Every consumer is entitled to a free credit report from the three named agencies every twelve months. Knowing the contents of a credit report is to target any potential negative ratings to confirm the accuracy of the content.

If an error is found, then the best advice is to contact the bureau reporting the error and enter a dispute. The narrative given by the consumer will become a part of the record. The narrative will alert creditors that the information may have been reported in error and will show the reason for the dispute.

This diligence will directly improve a score.

2. Improve Payment History

This component carries the most weight in calculating a FICO score. Late payments will remain on a report for 7 years and will have the same negative effect as a missed payment. This step can be attended to by setting up auto-pay options. Make sure, though, that the day of the automated withdrawals will be the day funds are available.

If an auto-pay does not process due to insufficient funds, this will count as either a late or a missed payment. There could also be additional charges for insufficient funds or missed payments.

While it’s ideal to pay a balance in full each month on revolving credit accounts, it is understandable that this cannot always be done. An account will maintain a good standing even when minimum payments are timely made.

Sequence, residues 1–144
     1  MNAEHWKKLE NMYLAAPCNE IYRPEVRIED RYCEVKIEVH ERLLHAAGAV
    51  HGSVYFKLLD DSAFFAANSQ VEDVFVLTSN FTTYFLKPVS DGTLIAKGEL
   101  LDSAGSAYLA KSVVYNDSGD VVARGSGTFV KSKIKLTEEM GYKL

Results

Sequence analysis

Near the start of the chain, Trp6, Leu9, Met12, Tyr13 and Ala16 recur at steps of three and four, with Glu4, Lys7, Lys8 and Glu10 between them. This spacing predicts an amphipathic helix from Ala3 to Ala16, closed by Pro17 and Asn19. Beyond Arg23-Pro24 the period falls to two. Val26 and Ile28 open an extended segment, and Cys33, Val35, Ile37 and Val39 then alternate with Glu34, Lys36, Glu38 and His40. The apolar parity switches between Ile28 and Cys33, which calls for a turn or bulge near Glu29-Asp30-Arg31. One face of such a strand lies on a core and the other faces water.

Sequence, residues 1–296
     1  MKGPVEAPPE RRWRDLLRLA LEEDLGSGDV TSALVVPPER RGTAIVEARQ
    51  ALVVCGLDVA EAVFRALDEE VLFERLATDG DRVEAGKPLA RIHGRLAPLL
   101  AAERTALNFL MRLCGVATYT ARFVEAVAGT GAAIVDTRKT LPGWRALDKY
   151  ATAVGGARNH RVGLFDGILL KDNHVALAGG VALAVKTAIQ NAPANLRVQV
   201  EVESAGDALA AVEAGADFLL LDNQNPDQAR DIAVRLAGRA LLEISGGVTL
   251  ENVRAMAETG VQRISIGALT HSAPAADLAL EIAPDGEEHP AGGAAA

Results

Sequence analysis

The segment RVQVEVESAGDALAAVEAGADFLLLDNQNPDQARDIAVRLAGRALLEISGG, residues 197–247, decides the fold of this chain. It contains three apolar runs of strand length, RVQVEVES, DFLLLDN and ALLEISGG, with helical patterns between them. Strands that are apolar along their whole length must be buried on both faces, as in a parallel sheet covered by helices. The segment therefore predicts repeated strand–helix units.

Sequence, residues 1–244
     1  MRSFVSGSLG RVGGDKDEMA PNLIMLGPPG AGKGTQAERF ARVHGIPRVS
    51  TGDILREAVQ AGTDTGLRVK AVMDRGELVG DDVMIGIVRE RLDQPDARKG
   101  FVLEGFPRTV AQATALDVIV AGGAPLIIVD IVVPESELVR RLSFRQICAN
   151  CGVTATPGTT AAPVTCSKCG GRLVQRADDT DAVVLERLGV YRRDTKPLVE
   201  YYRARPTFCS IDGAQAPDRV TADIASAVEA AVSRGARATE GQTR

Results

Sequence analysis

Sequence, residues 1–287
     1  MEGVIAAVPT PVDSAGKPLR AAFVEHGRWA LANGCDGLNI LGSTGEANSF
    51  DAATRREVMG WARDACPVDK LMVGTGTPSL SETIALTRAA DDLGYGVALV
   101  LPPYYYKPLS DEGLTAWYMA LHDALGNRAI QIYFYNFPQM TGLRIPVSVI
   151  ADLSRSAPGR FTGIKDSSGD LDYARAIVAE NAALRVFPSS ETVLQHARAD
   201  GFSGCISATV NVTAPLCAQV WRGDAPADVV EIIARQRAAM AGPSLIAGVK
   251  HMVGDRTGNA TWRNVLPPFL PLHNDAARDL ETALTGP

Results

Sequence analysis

3. Understand Credit Utilization

The debt-to-credit ratio, or credit utilization, refers to revolving credit. The ratio is the relationship between the amount of outstanding debt against the total amount of credit available. FICO measures an average credit utilization of 7%. A low utilization ratio illustrates that the consumer is responsible and not over-extended.

This 7% average score is the goal. Credit utilization is the second most weighted component of the score and, the closer to this 7% goal, the faster the score will improve.

A sure way to lower the ratio is to increase the limit on revolving credit accounts. The trick is to not over-

spend on this increased limit and keep the debt-to-credit ratio near 7%.

Some consumers believe it is best to cancel accounts. This can be true, but credit utilization and history must be considered. The canceling of older accounts will decrease the available credit and shorten the credit history period. Both of these will negatively affect a score even with a perfect payment record.

4. Be Proactive Toward Collections

An account in collections may be added to your record as a separate delinquent account. This negative impact on a score will decrease over time. However, the rate of the decrease will accelerate if the consumer adopts responsible habits.

It is good practice to reach out to past creditors to either pay the debt in full or establish a payment plan. However, always ensure the account is valid by requesting a verification letter from the creditor before any payment is made.